choice of fuelage construction

Need info from the real pros out there on this one if you have few
mins.
The REAL metal workers.
Like - Ernie, are you there??
Anyway, Im considering on buying a kitbuilt plane. Prob try to get a
kit with much of the construction already done..Like welding and frame.
Anyway there are several I'm looking at.
One has welded 4130 Alum tubing frame at factory. See -
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The other fueslage are built from rivet fastened sheet aluminium. I
have a pic but dont know hown to send it as part of the message. Ill
see if i can add it somnehow.
Which wld you guys think is a better design or wld you buy?
WRH
Reply to
Blueraven
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I'm not a REAL metalworker (hacker, perhaps), and I'll probably never build a homebuilt, BUT, here are some observations that I have from reading about many different types of aircraft and their structure.
Welded steel and riveted aluminum construction has been around since the 1930's. Presumably they are both good, solid ways of doing things. Wood is good as well, except that if you don't keep it hangered it weathers much faster than metal. Welded aluminum should be as good, in theory, as welded steel -- but aluminum welding didn't come along until much later. I'd be a bit concerned about fatigue cracking, but only to the point where I'd want to make sure the manufacturer has thought of it and taken steps to deal with it.
If welded steel, welded aluminum, riveted aluminum, wood and composite were not all viable methods of building aircraft you wouldn't have new aircraft using them in their construction. If there were one clear winner among the various technologies you'd have all the aircraft in the world being built with that -- and you don't. If there _is_ going to be a clear winner I think it will be composite -- but I'm not holding my breath.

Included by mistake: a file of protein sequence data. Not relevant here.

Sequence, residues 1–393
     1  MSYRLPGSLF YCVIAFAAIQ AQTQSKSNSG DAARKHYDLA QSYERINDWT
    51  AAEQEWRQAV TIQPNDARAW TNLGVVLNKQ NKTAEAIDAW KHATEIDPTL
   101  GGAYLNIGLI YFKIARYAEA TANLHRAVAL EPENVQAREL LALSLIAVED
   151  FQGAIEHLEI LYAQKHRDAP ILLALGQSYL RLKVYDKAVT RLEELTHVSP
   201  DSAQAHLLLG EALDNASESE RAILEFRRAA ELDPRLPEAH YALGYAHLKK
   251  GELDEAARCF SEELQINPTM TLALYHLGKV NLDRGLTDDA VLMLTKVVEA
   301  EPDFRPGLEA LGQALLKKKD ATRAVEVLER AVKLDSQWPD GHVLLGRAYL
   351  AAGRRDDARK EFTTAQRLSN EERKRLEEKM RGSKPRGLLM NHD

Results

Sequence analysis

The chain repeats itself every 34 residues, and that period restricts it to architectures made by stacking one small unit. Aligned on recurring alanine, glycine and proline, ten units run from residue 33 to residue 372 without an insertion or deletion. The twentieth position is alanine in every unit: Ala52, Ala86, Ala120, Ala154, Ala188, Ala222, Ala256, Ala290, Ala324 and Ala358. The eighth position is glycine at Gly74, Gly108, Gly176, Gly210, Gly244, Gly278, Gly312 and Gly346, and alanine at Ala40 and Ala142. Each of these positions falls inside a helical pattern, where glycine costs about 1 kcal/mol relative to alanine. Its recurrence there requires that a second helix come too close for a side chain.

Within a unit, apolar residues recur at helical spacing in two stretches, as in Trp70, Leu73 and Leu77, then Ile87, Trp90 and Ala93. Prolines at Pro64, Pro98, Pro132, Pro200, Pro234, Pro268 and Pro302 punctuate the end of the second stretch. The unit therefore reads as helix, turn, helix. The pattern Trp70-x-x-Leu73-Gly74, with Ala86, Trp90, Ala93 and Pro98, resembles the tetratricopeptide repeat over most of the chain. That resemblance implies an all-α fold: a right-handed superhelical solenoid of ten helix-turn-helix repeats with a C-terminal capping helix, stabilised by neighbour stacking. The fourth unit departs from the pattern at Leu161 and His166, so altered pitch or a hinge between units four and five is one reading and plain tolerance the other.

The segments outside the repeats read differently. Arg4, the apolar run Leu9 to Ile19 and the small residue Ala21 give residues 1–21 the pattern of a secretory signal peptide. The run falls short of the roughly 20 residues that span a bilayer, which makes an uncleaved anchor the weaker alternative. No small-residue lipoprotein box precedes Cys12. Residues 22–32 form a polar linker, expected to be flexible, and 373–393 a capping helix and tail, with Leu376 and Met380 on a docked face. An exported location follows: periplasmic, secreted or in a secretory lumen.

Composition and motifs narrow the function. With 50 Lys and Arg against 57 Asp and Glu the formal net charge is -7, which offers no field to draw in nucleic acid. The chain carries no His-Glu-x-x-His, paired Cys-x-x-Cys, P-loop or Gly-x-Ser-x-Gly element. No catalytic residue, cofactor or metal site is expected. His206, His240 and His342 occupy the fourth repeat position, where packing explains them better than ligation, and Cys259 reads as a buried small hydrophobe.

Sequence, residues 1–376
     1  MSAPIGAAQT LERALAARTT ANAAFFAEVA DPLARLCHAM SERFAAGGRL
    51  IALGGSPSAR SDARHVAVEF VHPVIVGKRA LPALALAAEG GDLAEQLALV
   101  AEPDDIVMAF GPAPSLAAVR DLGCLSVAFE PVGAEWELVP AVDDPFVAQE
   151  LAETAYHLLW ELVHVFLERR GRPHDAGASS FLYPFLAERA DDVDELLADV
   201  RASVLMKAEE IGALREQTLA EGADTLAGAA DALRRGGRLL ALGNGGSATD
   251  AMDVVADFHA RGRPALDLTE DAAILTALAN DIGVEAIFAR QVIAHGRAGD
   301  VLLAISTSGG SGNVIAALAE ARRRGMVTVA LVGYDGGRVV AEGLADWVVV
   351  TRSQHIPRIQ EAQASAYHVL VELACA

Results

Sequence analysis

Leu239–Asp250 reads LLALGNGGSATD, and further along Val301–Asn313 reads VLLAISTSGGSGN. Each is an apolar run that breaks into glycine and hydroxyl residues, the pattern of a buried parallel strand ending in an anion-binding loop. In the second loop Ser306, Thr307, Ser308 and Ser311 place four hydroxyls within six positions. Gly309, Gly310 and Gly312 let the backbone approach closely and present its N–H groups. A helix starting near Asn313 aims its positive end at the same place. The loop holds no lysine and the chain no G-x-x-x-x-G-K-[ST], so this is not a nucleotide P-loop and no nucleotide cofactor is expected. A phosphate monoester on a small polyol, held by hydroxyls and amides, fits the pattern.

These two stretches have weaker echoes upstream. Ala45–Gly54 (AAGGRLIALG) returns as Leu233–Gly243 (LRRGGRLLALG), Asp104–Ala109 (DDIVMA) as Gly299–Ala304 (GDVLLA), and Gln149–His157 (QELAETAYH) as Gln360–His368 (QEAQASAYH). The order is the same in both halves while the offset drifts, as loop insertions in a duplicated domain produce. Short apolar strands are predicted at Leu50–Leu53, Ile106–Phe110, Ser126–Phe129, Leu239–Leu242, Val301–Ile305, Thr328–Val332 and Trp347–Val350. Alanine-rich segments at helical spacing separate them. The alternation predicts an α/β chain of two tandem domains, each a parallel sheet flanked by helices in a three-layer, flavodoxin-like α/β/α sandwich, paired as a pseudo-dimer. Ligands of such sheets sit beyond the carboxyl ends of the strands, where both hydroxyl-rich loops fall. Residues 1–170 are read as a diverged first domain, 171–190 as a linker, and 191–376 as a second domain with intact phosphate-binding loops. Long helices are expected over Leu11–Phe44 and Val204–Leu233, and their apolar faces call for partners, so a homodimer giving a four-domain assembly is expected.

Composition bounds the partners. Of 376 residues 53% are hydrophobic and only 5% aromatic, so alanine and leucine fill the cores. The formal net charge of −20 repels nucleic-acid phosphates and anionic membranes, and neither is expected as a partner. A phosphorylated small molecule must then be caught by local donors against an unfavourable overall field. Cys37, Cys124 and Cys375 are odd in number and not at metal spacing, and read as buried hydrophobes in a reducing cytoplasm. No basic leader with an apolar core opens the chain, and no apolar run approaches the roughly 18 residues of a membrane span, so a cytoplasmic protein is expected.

I would buy whatever technology I thought was coolest, and the one that I thought I would be able to work with. That means that if I got aluminum I'd make sure to take a class in TIG welding that included aluminum, and I'd make sure that I bought a TIG welder and assured myself that I could handle it. Ditto with steel, although from the web site you supply it looks like I could use my oxy-acetylene skills -- which is a cool thing for me, because it's the only kind of weld that I produce that I really feel is first rate.
Having said that, if I were going to build a homebuilt I'd probably look first at the Pietenpol air camper, which is wood. Why? Because they're funky and I like them, because I could probably cage a model B engine from my brother and I like the idea of hopping one up for aircraft use, because I have a promise from a friend that if I build it he'll teach me to fly in it, and because it's just a giant wood model airplane which I have lots of experience building. I _might_ build the fuselage out of welded steel tubing, but if I did the Pietenpol purists _might_ have me drug off and shot -- it would be a risk I would have to factor into the decision.